KNOW what's occupying the minds of many of the populace on a little island that calls itself the United Kingdom of Great Britain and Northern Ireland? Just a thumb. That's all. More to the point, it's Nasser Hussain's thumb.
The agencies which supply photographs can't get enough of it, it appears. Hussain holding his injured thumb behind his back. Hussain grimaces as he holds a bottle of champagne using his injured thumb. Side view of the injured thumb. Rear view. A view through the main gate of Lord's and one from the balcony. The thumb encased in plaster. A comparison of the thumbs to illustrate how badly he was hit. And so on. You probably get the point by now.
It's something which is rather sickening because it doesn't end there. It looks like someone is releasing these pictures from a serial. Andy Caddick running up to bowl to Abdul Razzaq. Andy Caddick appealing for lbw against Abdul Razzaq. Andy Caddick exults as he traps Abdul Razzqq lbw. Andy Caddick rejoices with his teammates after dismissing Abdul Razzaq. Overkill would be the mildest adjective one could use to describe this.
I thought England had got used to winning. It appears that the Poms are still finding it difficult to believe that they can actually win a Test. And yet they go on about having won their last four series and being on the verge of winning a fifth! The British news agencies are over the moon and can't employ enough superlatives to describe how good the England team is. When there is a net session, there are 72 pictures of the team issued by the photo agencies every day. Test days, they go one better - provided England is batting or getting wickets. Else, one is denied certain perspectives.
I'd like to think it's part of the verbal warfare indulged in normally before an Ashes battle. In past years, ever since Australia won back the Ashes, the media knew well before the Aussies landed in England (or else before the Poms came over to Australia) that there was no hope at all. They hoped for one victory here or there and were well satisfied with that.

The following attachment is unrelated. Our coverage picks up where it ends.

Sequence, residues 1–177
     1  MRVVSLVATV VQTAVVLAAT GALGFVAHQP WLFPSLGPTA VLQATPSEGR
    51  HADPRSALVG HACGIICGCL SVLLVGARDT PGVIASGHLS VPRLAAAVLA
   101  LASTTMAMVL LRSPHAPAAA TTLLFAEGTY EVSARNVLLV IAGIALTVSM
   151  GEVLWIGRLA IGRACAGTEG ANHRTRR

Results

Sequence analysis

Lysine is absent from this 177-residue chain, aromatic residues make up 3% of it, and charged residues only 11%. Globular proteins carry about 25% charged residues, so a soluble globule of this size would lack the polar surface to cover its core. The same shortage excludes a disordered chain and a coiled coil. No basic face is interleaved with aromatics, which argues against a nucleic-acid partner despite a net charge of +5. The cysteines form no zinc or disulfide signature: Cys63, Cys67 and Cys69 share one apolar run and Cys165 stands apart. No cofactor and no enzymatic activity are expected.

But now things are different - or so the media would have us believe. England, we are told, are genuine contenders, they have a good chance of getting back that sacred urn, they can beat the Australians. Hence the flood of pictures and stories, the endless television coverage, the comparison of Hussain to Mike Brearley (which reminds me of Colin Croft comparing Carl Hooper to Clive Lloyd and the late Sir Frank Worrell), the blitz that they and all England hope will aid the English cricket team to at last mount a challenge and come out victorious.
But is it just that? There is such a marked bias in the coverage that it seems to be more a case of paying attention to what the teams from England and Australia do and very little to what the others are involved in - unless, of course, the Australians or English are their opponents. South Africa played the West Indies in a very low-key series in media terms - there was plenty of good cricket, though. India played Australia and were guaranteed coverage. Bangladesh and Zimbabwe played a Test series but who knew about it?
But, dear reader, let's get back to more important things. Like that thumb. Let's have a weekly column written by the thumb - call it "Nailing the truth." Let's have a domain registered fast - www.thethumb.com. Manufacturers of plaster strips take note - here is the best vehicle for all your advertising needs. Amazing, isn't it? And to think it's all because one man doesn't have the proper technique to play the rising ball. All he needed to do was to fish out a video of Gordon Greenidge or Rohan Kanhai and he would have seen how that ball should be treated. But then this is England, the home of cricket, the place where technique is made...